From the beginning of “Arriving,” James Toth cringingly wails, “Give me the haircut of an honest man.” This kind of prose is a gripping bite into the American gothic landscape.
The once Wooden Wand turned simply Wand continues the atmosphere that Toth built up throughout his career. Hard Knox is a bittersweet journey of dusty living through disenchanted pop. He shows the withered skin of his words, the focal point to this album. It’s as if he is sitting by the campfire and sharing his troubles with Augustus McCrae. Even in happier circumstances an eerie and haunting feeling emerges.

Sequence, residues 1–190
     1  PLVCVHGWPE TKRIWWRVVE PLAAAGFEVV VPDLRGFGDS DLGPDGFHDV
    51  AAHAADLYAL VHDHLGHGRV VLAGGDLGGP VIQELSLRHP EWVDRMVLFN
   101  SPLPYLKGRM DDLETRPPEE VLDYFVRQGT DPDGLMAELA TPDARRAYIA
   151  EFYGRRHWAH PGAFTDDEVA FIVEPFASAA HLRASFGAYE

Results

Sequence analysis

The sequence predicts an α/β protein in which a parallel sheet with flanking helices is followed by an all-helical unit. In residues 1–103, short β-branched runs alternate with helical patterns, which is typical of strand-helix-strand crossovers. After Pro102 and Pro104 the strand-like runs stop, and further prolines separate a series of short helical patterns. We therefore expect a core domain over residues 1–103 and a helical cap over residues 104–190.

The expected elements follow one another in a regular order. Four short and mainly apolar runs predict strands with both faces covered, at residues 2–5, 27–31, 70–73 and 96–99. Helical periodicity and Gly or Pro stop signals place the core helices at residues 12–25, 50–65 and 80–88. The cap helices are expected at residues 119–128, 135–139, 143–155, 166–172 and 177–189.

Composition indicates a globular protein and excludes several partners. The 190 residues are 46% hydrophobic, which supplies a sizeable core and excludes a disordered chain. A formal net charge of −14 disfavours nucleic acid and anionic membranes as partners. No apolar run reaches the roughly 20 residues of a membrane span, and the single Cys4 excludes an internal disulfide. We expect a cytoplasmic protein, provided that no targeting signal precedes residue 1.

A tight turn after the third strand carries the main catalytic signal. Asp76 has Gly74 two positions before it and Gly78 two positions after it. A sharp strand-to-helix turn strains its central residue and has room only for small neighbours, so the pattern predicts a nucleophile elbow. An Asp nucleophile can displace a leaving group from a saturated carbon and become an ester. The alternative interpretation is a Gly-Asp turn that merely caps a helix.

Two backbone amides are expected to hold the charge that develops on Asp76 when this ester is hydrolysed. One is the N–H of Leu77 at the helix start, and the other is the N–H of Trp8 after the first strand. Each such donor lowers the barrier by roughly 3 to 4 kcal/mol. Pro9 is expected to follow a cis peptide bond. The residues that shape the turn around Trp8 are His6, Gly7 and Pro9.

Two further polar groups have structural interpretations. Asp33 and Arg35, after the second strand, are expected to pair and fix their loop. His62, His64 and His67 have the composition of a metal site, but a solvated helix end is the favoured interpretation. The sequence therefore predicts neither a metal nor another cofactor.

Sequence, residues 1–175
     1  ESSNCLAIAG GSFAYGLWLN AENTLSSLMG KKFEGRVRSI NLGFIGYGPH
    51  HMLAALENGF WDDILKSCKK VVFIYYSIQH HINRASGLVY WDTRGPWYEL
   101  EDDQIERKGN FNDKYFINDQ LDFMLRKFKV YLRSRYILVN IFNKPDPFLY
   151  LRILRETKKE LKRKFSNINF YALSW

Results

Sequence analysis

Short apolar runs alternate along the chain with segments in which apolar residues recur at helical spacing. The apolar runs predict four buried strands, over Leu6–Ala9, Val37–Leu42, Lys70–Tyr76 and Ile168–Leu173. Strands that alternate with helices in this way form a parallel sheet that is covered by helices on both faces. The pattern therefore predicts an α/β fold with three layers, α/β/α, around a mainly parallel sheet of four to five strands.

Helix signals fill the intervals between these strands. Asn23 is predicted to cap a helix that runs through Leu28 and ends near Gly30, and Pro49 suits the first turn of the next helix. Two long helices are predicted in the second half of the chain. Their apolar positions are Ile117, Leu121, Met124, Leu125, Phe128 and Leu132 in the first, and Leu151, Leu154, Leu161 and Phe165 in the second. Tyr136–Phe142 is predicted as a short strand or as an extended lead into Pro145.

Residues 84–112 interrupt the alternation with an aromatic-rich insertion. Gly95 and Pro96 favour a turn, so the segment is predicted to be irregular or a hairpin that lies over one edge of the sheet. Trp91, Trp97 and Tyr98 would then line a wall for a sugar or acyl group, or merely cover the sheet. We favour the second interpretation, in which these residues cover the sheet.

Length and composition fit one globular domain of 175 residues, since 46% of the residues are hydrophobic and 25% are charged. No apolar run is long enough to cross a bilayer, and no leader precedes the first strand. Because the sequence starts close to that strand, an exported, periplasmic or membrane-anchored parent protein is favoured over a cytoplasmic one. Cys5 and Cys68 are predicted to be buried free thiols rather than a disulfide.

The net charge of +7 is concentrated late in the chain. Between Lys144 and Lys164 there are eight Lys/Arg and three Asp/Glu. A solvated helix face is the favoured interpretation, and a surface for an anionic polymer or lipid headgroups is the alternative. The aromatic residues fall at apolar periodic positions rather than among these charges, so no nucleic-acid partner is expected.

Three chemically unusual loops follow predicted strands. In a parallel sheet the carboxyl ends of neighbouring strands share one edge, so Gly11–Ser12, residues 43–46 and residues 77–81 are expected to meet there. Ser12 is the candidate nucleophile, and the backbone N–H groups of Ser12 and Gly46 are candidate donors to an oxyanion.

This recording also contains his last memories of his home in Knoxville, Tennessee, a memoir that paints a picture of warm hued memories etched in time . Much of the album was recorded on a few simple 8-tracks bonding him with the listener. It provides us with a certain degree of comfort and camaraderie. It’s not certain that we get hope from this, but we can certainly feel that we relate in some way or another through his recollections.
And for an album that was recorded between 2002 and 2007, Hard Knox seems seamless, and flows very well. Even though I don’t agree with some of his experimentations — I prefer the Dylan and Cohen-esque songs like “Saturday Delivery” or “Death Dealer Blues” than the Simon and Garfunkle method book of “Urchins” — I am confident that you will find something in Hard Knox.